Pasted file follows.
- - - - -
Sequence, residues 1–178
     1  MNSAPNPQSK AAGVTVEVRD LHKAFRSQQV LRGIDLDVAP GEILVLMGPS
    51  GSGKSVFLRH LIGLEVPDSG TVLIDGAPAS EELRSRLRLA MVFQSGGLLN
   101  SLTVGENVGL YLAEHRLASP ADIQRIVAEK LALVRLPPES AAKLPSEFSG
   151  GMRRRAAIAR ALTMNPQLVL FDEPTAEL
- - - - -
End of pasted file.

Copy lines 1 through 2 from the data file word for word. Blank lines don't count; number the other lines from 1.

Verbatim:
Sequence, residues 1–178
     1  MNSAPNPQSK AAGVTVEVRD LHKAFRSQQV LRGIDLDVAP GEILVLMGPS